My First Car

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My First Car

Postby Big Al » Fri May 10, 2019 8:15 pm

Taken from the Eribafolk forum.

Clutch in, two three... crash the gears, two three... clutch out, two three...

I remember the nervous excitement that came with settling into the dark red seat. I remember the fabulous smell of damp carpet, rusty sills, and British craftsmanship.

I remember twisting the key in the ignition with shaking fingers and a dry mouth.

No matter how many times I did it, each time was like fretful fingers’ first frantic fumbling with a bra fastener warmed by smooth adolescent skin beneath a crisp white blouse. Each time, too, my heart was in my mouth, and my gut churned with that same feeling of intense excitement mixed with a primeval and almost uncontrollable urgency.

I remember how the mighty engine coughed, expectorated, and burst into life, whooping great draughts of petrol and air into its carburettor, all the while trying to twist itself out of the chassis as it strained to be unleashed.

There was nothing quite like the sensation of all that raw power.

I was pushed back into the seat as if by a giant, irresistible hand. The engine roared and the countryside went backwards at an incredible rate as the car pummelled towards the horizon in an intoxicating surge of acceleration. The speedometer needle fairly raced around the dial – not that I had much time to check. The universe went into overdrive, and it was all I could do to hold onto the writhing steering wheel as the front of the car went light.

Vicars’ wives on bicycles with baskets full of chutney dived for the hedgerows as we shot past. Rooks spilled from tall treetops, cawing in alarm, and corpulent woodpigeons clattered from the wheat fields like bursts of wild applause.

My eyes narrowed in fierce concentration as the first bend appeared. I sawed at the wheel like Nuvolari around the Nordschleife as the cross-plies howled their shrieking protest beneath me, and the differential tried to tie itself in knots. I wrestled huge armfuls of opposite lock while peering out through a fly-encrusted windscreen from between the steering wheel rim and the scuttle as the slipstream of our passage flattened the cow-parsley on the verges. The G-forces were so strong that the little yellow plastic ashtray that was stuck to the quarterlight with a rubber sucker came off and flew across the car.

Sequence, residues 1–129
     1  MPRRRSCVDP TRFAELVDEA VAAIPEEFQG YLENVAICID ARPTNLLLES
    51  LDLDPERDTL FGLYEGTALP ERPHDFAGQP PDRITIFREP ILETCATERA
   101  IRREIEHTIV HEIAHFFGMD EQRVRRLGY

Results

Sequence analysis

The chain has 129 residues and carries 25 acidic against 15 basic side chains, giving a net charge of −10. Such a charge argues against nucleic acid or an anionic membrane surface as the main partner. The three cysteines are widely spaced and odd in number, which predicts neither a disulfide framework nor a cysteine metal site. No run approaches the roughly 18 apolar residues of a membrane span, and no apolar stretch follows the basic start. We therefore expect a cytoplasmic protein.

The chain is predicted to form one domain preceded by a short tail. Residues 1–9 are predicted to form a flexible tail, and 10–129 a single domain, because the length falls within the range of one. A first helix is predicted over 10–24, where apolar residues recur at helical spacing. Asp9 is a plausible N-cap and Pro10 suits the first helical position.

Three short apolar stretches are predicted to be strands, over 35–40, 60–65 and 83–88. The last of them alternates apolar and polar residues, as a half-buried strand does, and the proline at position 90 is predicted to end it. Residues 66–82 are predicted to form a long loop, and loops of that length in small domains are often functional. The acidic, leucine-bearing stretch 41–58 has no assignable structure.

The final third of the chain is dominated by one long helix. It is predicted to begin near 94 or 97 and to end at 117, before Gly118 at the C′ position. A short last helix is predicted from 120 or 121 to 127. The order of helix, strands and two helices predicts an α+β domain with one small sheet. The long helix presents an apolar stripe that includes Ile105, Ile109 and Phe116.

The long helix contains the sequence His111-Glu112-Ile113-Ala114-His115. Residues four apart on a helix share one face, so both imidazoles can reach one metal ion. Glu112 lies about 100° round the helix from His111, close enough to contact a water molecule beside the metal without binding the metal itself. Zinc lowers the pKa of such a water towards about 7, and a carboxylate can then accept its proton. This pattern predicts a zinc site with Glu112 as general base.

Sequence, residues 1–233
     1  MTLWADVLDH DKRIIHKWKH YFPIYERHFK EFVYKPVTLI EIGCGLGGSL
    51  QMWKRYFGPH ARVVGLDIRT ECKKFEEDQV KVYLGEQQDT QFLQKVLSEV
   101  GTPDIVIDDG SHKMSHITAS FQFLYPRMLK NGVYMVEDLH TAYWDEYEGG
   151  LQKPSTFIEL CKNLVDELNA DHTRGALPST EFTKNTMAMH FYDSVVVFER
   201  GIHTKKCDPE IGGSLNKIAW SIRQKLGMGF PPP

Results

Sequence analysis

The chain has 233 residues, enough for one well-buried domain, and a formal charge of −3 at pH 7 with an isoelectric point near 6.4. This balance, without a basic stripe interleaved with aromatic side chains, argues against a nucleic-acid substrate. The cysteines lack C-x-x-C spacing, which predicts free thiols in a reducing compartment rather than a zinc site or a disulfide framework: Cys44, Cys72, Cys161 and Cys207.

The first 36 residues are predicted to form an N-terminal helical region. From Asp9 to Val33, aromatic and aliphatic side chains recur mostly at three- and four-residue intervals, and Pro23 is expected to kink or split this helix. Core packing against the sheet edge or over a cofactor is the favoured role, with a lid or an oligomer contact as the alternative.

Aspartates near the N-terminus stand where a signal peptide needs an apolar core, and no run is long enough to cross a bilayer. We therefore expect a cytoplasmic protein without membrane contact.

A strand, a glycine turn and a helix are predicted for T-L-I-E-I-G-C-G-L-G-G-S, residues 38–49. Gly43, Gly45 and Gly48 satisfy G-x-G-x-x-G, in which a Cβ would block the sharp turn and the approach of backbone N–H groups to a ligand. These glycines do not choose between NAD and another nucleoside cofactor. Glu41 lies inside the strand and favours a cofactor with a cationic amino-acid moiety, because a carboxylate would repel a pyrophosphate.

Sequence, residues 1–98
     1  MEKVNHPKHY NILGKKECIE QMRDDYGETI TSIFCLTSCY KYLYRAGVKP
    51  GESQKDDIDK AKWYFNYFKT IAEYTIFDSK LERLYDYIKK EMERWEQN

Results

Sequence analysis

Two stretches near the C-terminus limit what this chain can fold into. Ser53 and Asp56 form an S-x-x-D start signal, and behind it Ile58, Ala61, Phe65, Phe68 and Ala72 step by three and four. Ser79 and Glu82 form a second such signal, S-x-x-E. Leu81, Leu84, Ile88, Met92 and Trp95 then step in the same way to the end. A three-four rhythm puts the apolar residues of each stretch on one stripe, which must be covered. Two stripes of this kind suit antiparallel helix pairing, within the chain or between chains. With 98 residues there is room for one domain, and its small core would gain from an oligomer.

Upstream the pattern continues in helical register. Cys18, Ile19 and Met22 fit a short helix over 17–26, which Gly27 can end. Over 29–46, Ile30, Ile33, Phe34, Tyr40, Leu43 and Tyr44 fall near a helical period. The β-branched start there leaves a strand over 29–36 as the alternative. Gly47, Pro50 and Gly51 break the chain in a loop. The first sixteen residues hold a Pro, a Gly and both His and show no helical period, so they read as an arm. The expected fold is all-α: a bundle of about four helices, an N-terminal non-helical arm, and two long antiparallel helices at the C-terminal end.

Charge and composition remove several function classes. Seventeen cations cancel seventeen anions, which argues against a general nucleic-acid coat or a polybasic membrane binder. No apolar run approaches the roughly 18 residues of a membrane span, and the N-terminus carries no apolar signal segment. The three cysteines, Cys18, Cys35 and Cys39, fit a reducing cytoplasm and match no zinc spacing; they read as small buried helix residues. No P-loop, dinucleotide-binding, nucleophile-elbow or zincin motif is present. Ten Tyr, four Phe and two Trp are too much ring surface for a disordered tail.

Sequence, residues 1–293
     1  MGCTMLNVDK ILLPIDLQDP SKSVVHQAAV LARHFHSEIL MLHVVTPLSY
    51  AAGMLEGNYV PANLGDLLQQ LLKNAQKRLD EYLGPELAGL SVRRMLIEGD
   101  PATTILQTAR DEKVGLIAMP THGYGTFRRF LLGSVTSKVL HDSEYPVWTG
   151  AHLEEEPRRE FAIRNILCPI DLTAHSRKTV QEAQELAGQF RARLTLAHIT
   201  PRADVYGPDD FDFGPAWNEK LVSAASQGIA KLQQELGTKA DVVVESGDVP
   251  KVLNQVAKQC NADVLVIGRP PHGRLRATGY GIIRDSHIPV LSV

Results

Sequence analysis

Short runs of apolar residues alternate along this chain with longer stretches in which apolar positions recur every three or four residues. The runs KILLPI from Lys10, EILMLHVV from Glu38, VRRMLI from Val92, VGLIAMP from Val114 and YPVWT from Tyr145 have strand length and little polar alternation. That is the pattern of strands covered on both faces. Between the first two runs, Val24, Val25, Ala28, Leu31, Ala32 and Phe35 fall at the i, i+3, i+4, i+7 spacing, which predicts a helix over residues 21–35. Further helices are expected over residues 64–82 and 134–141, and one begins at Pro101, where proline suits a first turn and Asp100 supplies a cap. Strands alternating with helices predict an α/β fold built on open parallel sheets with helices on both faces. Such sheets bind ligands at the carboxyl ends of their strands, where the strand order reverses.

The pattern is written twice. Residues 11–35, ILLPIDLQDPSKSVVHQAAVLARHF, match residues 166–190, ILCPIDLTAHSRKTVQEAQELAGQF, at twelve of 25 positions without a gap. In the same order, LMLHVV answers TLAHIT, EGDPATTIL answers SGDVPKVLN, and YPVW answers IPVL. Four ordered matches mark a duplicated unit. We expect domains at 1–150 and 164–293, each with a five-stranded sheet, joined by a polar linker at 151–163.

I struggled to keep the engine bellowing lustily in its narrow, fierce power band as the exquisitely engineered orchestra of components ahead of me combined to produce a symphony that reverberated from the window of the Post Office as we flew past. I left-foot braked and heel-and-toed until the air was thick with the smell of tortured Ferodos. As we neared the bus shelter, our velocity was incredible. The drums glowed as I furiously scrubbed off speed. There was a fierce backfire, and I could see in the mirror as the unburned fuel, ignited in brief flashes of flame from the half-inch diameter exhaust pipe, set light to Mrs Carruthers’ chrysanthemums.

At the top of the lane I squealed to a halt, undid the racing harness and hit the kill switch.

As the car cooled, pinging and ticking quietly to itself, I got out. Slowly, the world returned to normal. Mrs Golightly's three-legged cat resumed licking its parts. Sparrows chirped enthusiastically in the hawthorn, and a collared dove in the laburnum cooed gently in appreciation.

I lifted the oil-spattered goggles onto my brow, and, drawing deeply on a Woodbine that I rapped briefly on the back of my still-quivering hand and lit by touching its tip to the still-glowing brakes, I exhaled a triumphant plume of smoke.

I leaned on the sinuous curves of the aerodynamic monocoque, and ran my hand over the firm swell of the warm bonnet. My fingers lingered in the intimate curves, and the car’s smooth loins trembled gently under my touch. The heady aroma of multigrade, mixed with hot rubber and clutch lining hung around us.

For all the world we could have been beside the Mulsanne Straight, Eau Rouge or Knicker Brook.

I closed my eyes and let the sun warm my back as I imagined us hurtling along the endless sands of Pendine in search of yet another land speed record, man and machine as one.

And all the while, sophisticated and pencil-skirted ladies in headscarves and sunglasses forgot their envious beaus and cheered, waving their pretty handkerchiefs and blowing extravagant kisses.

My first car.

My first car.

Titled: Morris, a Minor Miracle.
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Big Al
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